Demystifying the Healer
My favourite definition of the word heal is; to make whole. Healing as a movement brings things together and unifies whatever it is that is separate from us. In truth, we are all healers.
As I mentioned in my biography, in 2012 my life was turned upside down. At age 24, my heart was broken for the first time and I didn’t know how to deal with the overwhelm of pain. I had come to a point where all of my old coping strategies were not working for me anymore and new words like co-dependent and meditation were beginning to catch my attention. Maybe some of you have the same coping strategies as I did. It’s so common to have a glass of wine at the end of the day to release stress, take medication to mask the pain in our bodies, or talk behind our peers back’s about the issues we have with them rather than face conflict head on with compassionate communication.
These are some of the typical things we all do to cope,created by the age-old tradition of sweeping our issues under the rug.
Don’t get me wrong - there is no judgement here - we are all human! Sometimes we need to do these things, and sometimes they are totally fun and innocent. I’m pointing at them because many of us reach a point where these strategies just stop working.
I’ve noticed over time that those who seek out a more holistic approach to health and wellness do so usually because they have reached a point of crisis. Not all people have to reach this point in their life, but I do feel that reaching this transformational point is becoming more and more common.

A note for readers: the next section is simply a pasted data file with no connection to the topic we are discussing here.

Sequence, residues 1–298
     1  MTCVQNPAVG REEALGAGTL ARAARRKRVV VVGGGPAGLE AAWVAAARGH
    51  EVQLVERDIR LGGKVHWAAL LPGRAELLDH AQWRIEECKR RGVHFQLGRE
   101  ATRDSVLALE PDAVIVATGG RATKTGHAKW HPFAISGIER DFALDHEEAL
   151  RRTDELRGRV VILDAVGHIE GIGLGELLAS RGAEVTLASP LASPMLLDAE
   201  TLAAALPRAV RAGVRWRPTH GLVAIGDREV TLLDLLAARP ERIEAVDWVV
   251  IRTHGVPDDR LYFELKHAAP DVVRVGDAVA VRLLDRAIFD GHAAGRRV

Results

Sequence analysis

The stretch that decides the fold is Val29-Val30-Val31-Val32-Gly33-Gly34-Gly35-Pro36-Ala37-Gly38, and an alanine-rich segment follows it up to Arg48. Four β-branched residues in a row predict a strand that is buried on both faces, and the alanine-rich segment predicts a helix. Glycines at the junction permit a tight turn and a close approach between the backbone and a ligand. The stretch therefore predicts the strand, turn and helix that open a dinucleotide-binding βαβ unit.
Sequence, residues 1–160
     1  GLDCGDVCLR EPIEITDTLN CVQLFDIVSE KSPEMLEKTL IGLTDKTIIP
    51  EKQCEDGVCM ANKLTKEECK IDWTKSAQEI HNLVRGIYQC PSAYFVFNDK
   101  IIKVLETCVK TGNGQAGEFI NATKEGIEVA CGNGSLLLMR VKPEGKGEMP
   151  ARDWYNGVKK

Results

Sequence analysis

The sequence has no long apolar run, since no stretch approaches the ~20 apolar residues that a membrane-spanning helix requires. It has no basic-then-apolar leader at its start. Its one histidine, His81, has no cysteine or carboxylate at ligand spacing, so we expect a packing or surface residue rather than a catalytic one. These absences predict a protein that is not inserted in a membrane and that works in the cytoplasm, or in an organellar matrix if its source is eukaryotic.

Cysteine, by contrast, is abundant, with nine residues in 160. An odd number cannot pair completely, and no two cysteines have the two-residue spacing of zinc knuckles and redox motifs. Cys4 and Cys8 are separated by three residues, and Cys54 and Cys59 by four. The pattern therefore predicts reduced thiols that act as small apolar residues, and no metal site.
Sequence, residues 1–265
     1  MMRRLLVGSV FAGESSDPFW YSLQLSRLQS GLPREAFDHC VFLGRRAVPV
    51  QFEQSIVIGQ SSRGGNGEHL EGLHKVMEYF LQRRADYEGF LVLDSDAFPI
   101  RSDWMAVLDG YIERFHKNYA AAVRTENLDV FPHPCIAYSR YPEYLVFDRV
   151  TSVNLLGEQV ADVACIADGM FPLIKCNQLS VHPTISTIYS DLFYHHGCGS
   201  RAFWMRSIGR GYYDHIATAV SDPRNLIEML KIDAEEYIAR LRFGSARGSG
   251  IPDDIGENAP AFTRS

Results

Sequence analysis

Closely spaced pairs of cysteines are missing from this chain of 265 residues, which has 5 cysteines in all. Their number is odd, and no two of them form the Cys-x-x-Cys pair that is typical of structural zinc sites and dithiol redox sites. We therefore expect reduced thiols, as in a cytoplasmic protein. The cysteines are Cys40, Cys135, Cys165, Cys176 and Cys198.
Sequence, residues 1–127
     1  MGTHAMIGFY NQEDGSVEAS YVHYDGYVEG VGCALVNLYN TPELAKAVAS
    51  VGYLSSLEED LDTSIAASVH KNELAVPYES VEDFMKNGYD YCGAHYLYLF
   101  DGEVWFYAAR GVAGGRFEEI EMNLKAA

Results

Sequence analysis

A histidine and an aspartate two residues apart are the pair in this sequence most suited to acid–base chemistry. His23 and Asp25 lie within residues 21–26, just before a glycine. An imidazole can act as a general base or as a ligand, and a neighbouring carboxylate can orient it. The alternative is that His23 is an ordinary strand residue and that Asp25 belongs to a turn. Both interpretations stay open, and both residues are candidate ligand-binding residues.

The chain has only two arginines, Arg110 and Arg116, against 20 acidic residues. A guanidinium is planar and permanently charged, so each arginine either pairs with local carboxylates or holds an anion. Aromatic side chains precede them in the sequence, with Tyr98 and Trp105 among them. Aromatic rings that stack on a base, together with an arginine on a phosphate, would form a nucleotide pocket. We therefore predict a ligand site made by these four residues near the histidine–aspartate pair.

In our culture we learn how to cover up pain instead of taking the healing action; which is to pay attention to it... and lovingly if you can.
My favourite definition for the word heal is, to make whole. Healing as a mouvement brings things together and unifies whatever it is that is separate from us. In truth, we are all healers.
I have a group of younger friends who have made it trendy to inquire whether other humans in their network are the types of people that do their ‘self work’ or ‘inner work’. It seems to be becoming a new framework for determining the caliber of a person. My heart flutter’s when I see this type of mentality becoming trendy! So long as its guiding authority is coming from the heart, it feels like quite a magical thing.
Reaching this crisis point that I mentioned earlier is an indication that the old coping strategies we have been using to deal with our life issues are just not working for us any more. Metaphorically speaking, all of things that we have pushed out of sight and out of mind and into the closet, are bursting at the seams. At this point, there is nowhere else to go but inside of ourselves to start completing the cleaning out process.